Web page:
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Learning-disabled take 'inappropriate' courses

Funding confusion denies them independence skills, survey finds

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Funding confusion denies them independence skills, survey finds

Adults with learning disabilities are being pushed into taking "inappropriate" formal qualifications because of widespread confusion about funding rules, campaigners have warned.

A survey revealed that an alarming proportion of learning providers such as FE colleges and voluntary groups wrongly believe all Foundation Learning courses - those covering basic skills - must end in nationally recognised qualifications.

As a result, disabled people who would derive more benefit from practical support helping them to lead an independent life are instead forced to undertake literacy and numeracy courses, even if teachers know it is not in their best interests.

That is the key finding of the National Institute of Adult Continuing Education (Niace), which surveyed learning providers after being contacted by concerned practitioners.

It found that many were not aware that funding rules allow an alternative protocol for measuring progress, Rarpa (recognising and recording progress and achievement).

Niace deputy chief executive Peter Lavender told The TES: "We found a lot of disabled adults are being put in for totally inappropriate qualifications and often the teachers know it doesn't meet their educational needs.

"The Skills Funding Agency (SFA) says quite clearly you don't have to do this, but for some reason senior managers are telling staff there has to be a qualification at the end or they can't draw down funding.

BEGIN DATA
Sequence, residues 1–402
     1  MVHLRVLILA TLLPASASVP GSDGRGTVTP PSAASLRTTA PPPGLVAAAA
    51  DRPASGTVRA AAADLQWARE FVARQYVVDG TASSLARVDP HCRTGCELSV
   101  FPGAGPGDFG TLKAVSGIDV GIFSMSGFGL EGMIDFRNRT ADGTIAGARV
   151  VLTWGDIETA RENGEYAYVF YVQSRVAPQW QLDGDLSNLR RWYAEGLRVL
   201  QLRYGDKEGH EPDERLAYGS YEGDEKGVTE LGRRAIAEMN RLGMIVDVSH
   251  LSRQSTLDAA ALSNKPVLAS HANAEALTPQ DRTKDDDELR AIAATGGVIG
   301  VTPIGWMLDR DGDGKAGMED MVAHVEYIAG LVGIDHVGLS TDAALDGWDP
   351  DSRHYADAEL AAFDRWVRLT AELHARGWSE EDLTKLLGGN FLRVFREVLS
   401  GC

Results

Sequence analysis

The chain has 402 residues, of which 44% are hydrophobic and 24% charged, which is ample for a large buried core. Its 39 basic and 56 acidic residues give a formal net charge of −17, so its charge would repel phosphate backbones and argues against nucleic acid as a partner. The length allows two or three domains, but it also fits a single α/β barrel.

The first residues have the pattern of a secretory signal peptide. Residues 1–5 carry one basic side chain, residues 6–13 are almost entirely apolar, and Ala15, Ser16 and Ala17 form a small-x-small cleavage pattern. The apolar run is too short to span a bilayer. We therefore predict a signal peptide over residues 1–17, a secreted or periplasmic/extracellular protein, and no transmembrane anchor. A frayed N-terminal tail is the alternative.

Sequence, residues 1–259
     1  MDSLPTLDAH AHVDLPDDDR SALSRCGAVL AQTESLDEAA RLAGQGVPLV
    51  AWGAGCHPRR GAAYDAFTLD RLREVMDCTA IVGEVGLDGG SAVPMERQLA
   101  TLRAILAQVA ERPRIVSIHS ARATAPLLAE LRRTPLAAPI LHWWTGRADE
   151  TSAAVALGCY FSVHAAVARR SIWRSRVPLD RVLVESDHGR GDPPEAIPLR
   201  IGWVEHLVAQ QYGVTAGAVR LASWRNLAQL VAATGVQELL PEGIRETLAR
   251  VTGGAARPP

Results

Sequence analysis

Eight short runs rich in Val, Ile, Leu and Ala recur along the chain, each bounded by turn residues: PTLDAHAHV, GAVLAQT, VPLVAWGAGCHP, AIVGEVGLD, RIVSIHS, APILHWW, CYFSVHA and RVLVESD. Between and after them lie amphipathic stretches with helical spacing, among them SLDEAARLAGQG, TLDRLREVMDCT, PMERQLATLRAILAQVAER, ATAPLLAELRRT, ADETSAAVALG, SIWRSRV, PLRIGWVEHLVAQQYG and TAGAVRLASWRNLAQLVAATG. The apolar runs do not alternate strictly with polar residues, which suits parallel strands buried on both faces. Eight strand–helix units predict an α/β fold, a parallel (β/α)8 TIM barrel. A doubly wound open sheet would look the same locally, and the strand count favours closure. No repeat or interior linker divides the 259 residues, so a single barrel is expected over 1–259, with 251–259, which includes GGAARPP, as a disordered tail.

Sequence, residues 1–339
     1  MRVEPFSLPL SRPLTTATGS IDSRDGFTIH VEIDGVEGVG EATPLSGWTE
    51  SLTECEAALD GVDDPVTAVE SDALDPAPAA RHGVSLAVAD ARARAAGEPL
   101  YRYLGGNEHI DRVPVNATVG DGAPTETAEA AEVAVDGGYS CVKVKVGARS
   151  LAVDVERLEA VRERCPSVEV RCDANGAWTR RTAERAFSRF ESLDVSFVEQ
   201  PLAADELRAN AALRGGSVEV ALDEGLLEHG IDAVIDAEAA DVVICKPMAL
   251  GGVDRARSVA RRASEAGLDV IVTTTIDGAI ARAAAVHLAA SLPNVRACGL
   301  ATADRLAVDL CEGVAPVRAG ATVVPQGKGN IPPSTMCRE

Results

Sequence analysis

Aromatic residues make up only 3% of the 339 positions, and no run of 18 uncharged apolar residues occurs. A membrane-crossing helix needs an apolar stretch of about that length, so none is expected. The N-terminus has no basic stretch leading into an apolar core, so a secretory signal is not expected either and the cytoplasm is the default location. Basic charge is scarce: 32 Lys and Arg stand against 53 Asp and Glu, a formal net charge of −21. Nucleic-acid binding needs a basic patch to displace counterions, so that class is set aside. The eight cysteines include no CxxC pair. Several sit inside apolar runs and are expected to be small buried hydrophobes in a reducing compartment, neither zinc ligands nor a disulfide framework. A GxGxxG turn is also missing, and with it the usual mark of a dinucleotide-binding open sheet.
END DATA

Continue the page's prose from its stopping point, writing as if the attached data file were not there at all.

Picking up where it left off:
"This rang alarm bells for us because it's taking us back to when Ofsted were heavily critical about this sort of practice five or six years ago.

"We're talking mostly about entry-level or level 1 courses, and they are so important for helping disabled adults stand on their own two feet and become independent.

"But learning has to be personal for each individual. Sometimes the best thing is not literacy and ICT but learning how to catch a bus or shop effectively. The curriculum should be broad and absolutely relevant."

He said steering learning-disabled adults towards academic tests "not only deflects from their real learning priorities, it (also) subjects them to yet another experience of failure after perhaps 20 years of trying".

Niace wants the SFA to make its rules clearer but also blames senior managers for giving the wrong information to teachers. Mr Lavender said: "It's a continuing misconception and we want learning providers to know it's not true."

The other key survey finding was concern that changes to funding arrangements from September will hit learning-disabled adults hardest.

Most adult courses below level 2 - GCSE and equivalent - will no longer be automatically funded, and disabled learners over 25 will no longer have their fees paid if they receive "inactive" benefits such as income support and housing benefit.

Respondents to the Niace survey feared provision for entry-level courses would dry up and recruitment would plummet if learners have to pay course fees - usually pound;500 to pound;1,000.

Mr Lavender said: "We are very worried, and teachers are worried, that the most vulnerable learners will be disenfranchised.

"There is a strong link between disability and poverty and the danger is people who need these courses will not be able to afford the fees. They could be left isolated from society."

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